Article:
UPDATE: Iran’s stock exchange is down and the rial currency has lost 25 percent of its value. The attack, say analysts, comes from the United States, the Middle East or America’s allies, all of whom have targeted Iran in recent years.
Last week, Iranian soldiers stood outside a train station in the center of Tehran, defiantly shouting, “Somebody is waiting for you.”
They were waiting for them.
A new and dangerous cyberattack has hit the Islamic Republic, demanding Iranians’ personal data — and encouraging them to turn to the Bank of Iran or other financial institutions.
The Iranians have been busy filling up their cars with gas and waiting in long lines at gas stations, with many banks reporting slowdowns and confused customers.
While many Iranians have nothing to do with the oil trade or banking, the cyberattack is hitting at a time when Iran is on a fast learning curve as it establishes deeper ties with many of the world’s biggest banks. For the time being, that means quick attention to cyberattack preparedness.
There are no definitive figures about the damage, though the state news agency, IRNA, has put the number of victims at a “few thousand.” On Wednesday, the deputy head of Iran’s cyber security agency, Yahya Rahbar, said the “attack had affected only a limited number of banks and had no impact on those.”
Reports that the attack is deliberate, the work of intelligence agencies from either the United States or Israel, are thought not to be true. Rather, as the Iranian news agency IRNA points out, the Iranians were warned to “avoid opening old emails” and to “be very careful.” Some, however, say that the cyberattack is in fact foreign intelligence, meant to destabilize the country, ahead of midterm elections scheduled for next year.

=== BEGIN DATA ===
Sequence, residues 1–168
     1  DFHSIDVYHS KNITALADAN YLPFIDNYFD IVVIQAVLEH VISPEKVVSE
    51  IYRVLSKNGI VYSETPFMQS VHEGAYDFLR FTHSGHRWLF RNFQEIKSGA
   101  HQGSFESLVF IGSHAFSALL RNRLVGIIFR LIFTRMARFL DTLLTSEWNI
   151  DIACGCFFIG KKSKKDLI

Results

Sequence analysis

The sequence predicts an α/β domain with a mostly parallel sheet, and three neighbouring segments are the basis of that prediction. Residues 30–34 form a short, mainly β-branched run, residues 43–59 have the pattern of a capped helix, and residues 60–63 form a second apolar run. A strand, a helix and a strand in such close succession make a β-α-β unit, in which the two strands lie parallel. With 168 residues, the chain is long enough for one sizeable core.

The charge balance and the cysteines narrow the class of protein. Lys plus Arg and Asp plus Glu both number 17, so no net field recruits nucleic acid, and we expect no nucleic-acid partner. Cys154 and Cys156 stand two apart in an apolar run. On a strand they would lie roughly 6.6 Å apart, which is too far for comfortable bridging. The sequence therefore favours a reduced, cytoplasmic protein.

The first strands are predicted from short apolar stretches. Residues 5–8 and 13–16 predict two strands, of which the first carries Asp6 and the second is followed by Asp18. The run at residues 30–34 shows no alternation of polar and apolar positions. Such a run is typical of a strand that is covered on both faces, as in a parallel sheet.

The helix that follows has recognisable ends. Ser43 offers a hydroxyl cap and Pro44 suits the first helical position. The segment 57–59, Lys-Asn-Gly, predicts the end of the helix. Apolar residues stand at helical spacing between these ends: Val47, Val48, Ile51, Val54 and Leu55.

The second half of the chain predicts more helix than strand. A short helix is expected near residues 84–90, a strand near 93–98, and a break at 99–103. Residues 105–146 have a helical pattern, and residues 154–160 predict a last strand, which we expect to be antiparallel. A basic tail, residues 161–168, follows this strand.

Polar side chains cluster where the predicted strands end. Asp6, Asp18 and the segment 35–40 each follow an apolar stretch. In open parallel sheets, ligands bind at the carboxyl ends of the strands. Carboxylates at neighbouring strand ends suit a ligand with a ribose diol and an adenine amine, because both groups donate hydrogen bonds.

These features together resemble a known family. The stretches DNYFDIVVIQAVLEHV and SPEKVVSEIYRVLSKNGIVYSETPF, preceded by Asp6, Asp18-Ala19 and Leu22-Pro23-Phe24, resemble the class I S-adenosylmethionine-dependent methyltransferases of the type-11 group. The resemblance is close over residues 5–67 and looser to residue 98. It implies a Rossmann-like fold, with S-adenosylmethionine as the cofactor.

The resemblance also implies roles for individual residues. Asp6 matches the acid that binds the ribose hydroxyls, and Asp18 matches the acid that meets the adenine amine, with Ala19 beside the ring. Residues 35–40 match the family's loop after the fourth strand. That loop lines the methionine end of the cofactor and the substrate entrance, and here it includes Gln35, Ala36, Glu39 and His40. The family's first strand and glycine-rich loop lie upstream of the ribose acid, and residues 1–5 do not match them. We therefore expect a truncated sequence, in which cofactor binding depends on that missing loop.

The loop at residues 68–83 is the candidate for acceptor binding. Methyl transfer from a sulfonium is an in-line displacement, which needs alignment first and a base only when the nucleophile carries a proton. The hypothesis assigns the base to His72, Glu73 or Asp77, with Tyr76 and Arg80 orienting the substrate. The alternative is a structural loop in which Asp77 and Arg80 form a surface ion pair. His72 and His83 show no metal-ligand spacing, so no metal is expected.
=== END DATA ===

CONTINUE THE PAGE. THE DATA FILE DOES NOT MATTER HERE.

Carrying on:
Many experts and Iranians themselves believe that this attack is meant as a warning and a prelude to a broader effort by the United States and its allies to weaken and isolate Iran.
Others say, like the Iranian news agency, that Iranian was warning the government about foreign hackers who could tamper with its financial system or spy on government officials in case of conflict.
Interviews with a number of Iranians suggest that an attack on Iranian government computers and gas stations would only have given the cybercriminals the attention they wanted.
Many had always kept their fear of foreign espionage a secret, and many worried that if they had even a shred of information that could be turned against them by foreign hackers, they would never be able to leave Iran.
“If somebody comes to my house and breaks in, there is no way I can make the government provide me security for this!” said Sohrab, a psychologist in Tehran.
Cases such as this would only have created a sense of fear and mistrust.
With that tension at the core of the Iranian psyche, many say, a cyberattack would be seen as a direct threat to Iranian state security.
Another university graduate said she’d have been considered as suspicious and shallow if she had been unlucky enough to send an email to an unknown person — which, a number of Iranians say, they do all the time. But with a cyberattack, she was suddenly running scared.
“Why am I being treated like a criminal and thieves should be treated?” she asked. “If a journalist who talks about a bomb blasts gets killed in a terrorist act, should their family be shown a flower basket as a sign of gratitude?”
The Iranian government said it was “satisfied” with cyberdefense efforts — but it has urged Iranians to keep regular check-ups and, specifically, to use a two-factor authentication system with their banks. But many Iranians doubt that their banks can make their money transfers secure against criminals.
Reports of a cyberattack on the country, according to the chief of Iran’s cyber security agency, Mehdi Assaei, “definitely is nothing to do with us, and there are countries that will not have anything to do with it.”